|Photo by Brian Mulloy|
What's Paczki Day? Well, it's known as Fat Tuesday or Mardis Gras everywhere else. Traditionally, Fat Tuesday is the last day before Ash Wednesday when Lent's fasting begins, so Polish tradition called for one last hurrah of eating bad things before Lent began. In Poland, they actually eat paczki on the Thursday before Ash Wednesday, but Polish immigrants to the U.S. often baked and ate the treats on Fat Tuesday, making the holiday also known as Paczki Day in heavily Polish regions like Detroit and Chicago. In Detroit and especially its neighboring city of Hamtramck, it has become the Polish equivalent of St. Patrick's Day.
So what's a paczki? Technically, "pączki" is the plural of "pączek," but most Americans just call it a paczki. Paczki are a deep-fried dough ball glazed or powdered with sugar, often served with a jelly filling. They are kind of like jelly donuts, but they are far superior. Authentic paczki have dough made with eggs and have a lighter texture similar to brioche or challah bread.
How do you pronounce paczki? Since Polish letters are not always pronounced in similar ways to English or Romance languages, the answer might not be intuitive to native English speakers. I'm not sure if it's the result of different Polish dialects or Americans butchering the Polish language, but I've heard three primary pronunciations in the U.S.: 1) Poanch-key; 2) Poonch-Key; and 3) Punch-key. I interchange "poanch-key" and "poonch-key."
This year, I decided that it had been too long since I had a paczki, so I did some research and found three possible sources in the D.C. area: 1) Giant Supermarkets; 2) the Kosciuszko Foundation's Center near Dupont Circle; and 3) the Kielbasa Factory in Rockville, MD.
A couple weeks before Lent, my wife found a box of paczki at a Giant. She brought home the red and white box with "Pączki" displayed in white letters on a red background. After opening the box, I found what appeared to be powdered jelly donuts. These did not look like paczki.
I gave them a shot though, and they disappointed. They were dry and dense and just tasted wrong. Plus, the filling was custard. I have heard custard is an acceptable filling, but I prefer a berry filling. Regardless, even the best berry filling would not have saved these so-called "pączki" from their unauthentic taste.
|U.S. and Polish flags flying outside the Kosciuszko Foundation|
Luckily, the two women running the sale were kind and spoke English (and Polish!), and the paczki were ready for me to pick up. The sale was very informal. There were several boxes of paczki, both glazed and powdered sugar, on the table, and they looked tremendous. I paid for the three I ordered and hurried home to try one.
|Kosciuszko Foundation paczki|
|Who wants some post-yoga paczki?|
Luckily, the roads were mostly clear. My daughters and I arrived shortly after they opened, so I decided to look around before picking up my paczki. The store has many Polish delicacies, but I wanted fresh kielbasa and pierogi. Their freezer section has many flavors of pierogi, so I went a little overboard buying six dozen. I also got one pound of smoked kielbasa and one pound of fresh kielbasa...it was FAT Tuesday after all.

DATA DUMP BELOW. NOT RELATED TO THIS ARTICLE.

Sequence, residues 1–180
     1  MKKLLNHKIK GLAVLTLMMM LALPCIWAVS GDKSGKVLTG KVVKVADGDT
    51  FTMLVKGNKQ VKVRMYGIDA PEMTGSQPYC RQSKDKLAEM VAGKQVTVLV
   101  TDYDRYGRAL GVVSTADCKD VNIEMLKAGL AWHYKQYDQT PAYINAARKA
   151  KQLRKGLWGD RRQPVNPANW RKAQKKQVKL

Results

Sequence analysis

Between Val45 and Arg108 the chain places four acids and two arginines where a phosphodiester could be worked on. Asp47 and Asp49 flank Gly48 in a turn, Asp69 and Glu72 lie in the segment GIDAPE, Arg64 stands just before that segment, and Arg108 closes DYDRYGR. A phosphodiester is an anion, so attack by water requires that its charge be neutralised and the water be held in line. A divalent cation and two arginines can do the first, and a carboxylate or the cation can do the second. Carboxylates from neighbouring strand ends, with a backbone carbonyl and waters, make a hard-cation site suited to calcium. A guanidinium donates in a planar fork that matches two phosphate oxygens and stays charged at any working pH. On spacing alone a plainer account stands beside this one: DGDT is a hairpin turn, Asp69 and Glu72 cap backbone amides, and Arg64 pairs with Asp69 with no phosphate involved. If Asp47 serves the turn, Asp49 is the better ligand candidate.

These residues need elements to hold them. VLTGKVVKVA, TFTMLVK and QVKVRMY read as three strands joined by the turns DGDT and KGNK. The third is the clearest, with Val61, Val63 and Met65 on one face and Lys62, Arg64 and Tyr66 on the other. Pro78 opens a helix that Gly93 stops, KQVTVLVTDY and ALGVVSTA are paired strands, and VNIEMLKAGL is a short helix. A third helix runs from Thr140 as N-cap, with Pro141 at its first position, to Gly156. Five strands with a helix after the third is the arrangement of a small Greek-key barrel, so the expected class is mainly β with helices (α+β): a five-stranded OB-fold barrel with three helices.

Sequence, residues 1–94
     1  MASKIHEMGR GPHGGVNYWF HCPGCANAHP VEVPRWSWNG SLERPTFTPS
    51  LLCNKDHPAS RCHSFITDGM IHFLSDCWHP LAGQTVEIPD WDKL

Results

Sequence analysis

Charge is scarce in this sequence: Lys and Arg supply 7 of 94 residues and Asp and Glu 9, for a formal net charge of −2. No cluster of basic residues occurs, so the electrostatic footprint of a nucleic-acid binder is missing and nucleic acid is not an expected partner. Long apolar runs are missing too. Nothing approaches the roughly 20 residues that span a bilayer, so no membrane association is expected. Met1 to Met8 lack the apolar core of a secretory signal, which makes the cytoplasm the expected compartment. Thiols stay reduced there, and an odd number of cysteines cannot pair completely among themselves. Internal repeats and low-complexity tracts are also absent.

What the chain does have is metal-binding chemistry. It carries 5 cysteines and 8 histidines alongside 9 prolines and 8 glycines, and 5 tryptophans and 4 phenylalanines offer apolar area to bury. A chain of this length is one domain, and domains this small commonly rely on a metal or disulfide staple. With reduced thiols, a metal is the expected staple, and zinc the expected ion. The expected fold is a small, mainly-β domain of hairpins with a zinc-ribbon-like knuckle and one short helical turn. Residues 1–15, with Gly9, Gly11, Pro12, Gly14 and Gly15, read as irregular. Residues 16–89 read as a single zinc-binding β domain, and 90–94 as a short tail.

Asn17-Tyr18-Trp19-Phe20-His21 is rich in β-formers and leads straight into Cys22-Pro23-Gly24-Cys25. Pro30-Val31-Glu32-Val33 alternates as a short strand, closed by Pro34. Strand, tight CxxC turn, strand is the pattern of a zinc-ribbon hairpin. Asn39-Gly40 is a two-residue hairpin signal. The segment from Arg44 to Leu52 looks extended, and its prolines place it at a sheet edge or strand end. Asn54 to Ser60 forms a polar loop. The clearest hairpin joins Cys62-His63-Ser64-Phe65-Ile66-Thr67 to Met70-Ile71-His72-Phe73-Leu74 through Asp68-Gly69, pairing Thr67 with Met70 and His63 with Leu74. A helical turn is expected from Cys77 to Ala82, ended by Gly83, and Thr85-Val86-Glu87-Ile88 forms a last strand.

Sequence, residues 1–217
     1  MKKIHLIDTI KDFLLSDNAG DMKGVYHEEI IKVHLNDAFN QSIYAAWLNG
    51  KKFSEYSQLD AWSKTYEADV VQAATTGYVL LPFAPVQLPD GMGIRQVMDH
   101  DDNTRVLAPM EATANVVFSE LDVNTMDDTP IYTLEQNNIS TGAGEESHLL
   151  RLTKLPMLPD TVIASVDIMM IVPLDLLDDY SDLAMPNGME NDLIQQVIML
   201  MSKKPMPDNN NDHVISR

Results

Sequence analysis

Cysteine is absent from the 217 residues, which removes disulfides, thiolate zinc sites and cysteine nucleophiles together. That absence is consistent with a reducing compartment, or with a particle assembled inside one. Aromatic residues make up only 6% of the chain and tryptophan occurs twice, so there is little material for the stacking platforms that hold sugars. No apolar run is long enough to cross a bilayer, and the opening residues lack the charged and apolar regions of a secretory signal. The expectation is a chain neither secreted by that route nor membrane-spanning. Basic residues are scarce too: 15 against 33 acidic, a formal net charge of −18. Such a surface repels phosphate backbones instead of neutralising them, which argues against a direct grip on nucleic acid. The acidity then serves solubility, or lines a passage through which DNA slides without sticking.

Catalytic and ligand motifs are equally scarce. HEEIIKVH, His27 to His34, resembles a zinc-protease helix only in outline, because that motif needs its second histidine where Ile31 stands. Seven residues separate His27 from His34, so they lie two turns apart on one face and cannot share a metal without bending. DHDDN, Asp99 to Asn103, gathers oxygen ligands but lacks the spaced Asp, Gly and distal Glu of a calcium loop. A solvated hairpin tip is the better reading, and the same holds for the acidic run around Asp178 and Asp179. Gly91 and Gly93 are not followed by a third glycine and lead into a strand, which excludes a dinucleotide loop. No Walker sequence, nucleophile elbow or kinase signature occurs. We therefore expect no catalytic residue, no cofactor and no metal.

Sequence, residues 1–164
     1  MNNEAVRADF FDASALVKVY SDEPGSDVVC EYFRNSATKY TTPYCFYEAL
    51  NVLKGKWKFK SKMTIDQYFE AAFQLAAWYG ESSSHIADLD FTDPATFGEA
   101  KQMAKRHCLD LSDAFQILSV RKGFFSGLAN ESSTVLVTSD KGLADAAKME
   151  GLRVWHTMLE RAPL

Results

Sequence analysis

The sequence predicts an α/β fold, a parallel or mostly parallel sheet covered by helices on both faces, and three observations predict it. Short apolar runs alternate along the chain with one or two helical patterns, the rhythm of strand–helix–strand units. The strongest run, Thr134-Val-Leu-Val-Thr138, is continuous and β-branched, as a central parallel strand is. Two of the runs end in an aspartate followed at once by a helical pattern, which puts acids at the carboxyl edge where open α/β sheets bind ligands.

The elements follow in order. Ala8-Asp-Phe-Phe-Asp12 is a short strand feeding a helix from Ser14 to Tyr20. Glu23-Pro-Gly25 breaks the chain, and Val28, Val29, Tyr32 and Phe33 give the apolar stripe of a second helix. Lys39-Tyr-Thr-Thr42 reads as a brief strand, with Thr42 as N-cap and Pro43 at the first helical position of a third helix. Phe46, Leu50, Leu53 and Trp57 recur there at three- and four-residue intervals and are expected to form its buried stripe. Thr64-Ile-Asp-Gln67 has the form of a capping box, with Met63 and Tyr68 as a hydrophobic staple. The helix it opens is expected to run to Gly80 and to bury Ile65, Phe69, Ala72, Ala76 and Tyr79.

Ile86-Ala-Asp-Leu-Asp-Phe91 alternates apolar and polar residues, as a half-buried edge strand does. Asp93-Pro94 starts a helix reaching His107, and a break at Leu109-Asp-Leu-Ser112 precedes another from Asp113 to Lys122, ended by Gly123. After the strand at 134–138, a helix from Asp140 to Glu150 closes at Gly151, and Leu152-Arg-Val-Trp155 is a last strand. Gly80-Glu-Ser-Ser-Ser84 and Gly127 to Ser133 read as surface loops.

The two women working in the store were very friendly. They answered my questions about the different types of kielbasa and gave my daughters lollipops. Their hospitality made me feel like I was visiting one of my Polish grandmas or aunts. Although I had only pre-ordered a half dozen, they allowed me to buy three more for some friends.
As I was waiting in the paczki line, the young woman in front of me noticed my University of Michigan hat and asked if I was from Michigan. We both said where we were from the Detroit area, and I think we both looked as excited as kids on Christmas morning. She mentioned that she had to go here if she couldn't be in Hamtramck.
After I paid for my Polish feast, I turned around and saw a man in a Michigan State sweatshirt talking to a woman and her children. I made a comment about everyone being from Michigan, and the woman replied that she was too. Seeing this many people from my home state at a store in Maryland confirmed that this place was authentic.
Even though the Kielbasa Factory does not bake the paczki themselves, I did overhear one of the women tell another customer that they were from a Polish bakery. I could tell they were authentic just by looking at them. After tasting one, I knew that, like the Kosciuszko Foundation's paczki, these were the real deal. They were a little denser and less airy, but they too reminded me of the paczki back home.
|Kielbasa Factory Paczki|
After I wrote this article, I found another source of paczki near D.C. when I took a visit to Baltimore's Little Poland. I had not yet watched The Wire, so I was surprised by the long Polish immigrant history in Baltimore. Little Poland offers excellent Polish food, and the paczki at Krakus Deli rival the paczki at the Kosciuszko Foundation and the Kielbasa factory.
The Woodmoor Bakery in Four Corners (near Silver Spring) has been doing Pazcki for decades. A simple google search will leads you to lots of reviews from this, and past years.ReplyDelete
Thanks, Joe. I remember seeing reviews of the Woodmoor Bakery when going on my paczki hunt last year, but I do not recall why I did not visit, other than not having time to visit.Delete
I just read that a place called Polish Market opened in Vienna that sells paczki as well.
Unfortunately, now that I am back in Michigan, I probably will not have the chance to visit Woodmoor or Polish Market. However, I'm happy to know that DC area residents have so many paczki options.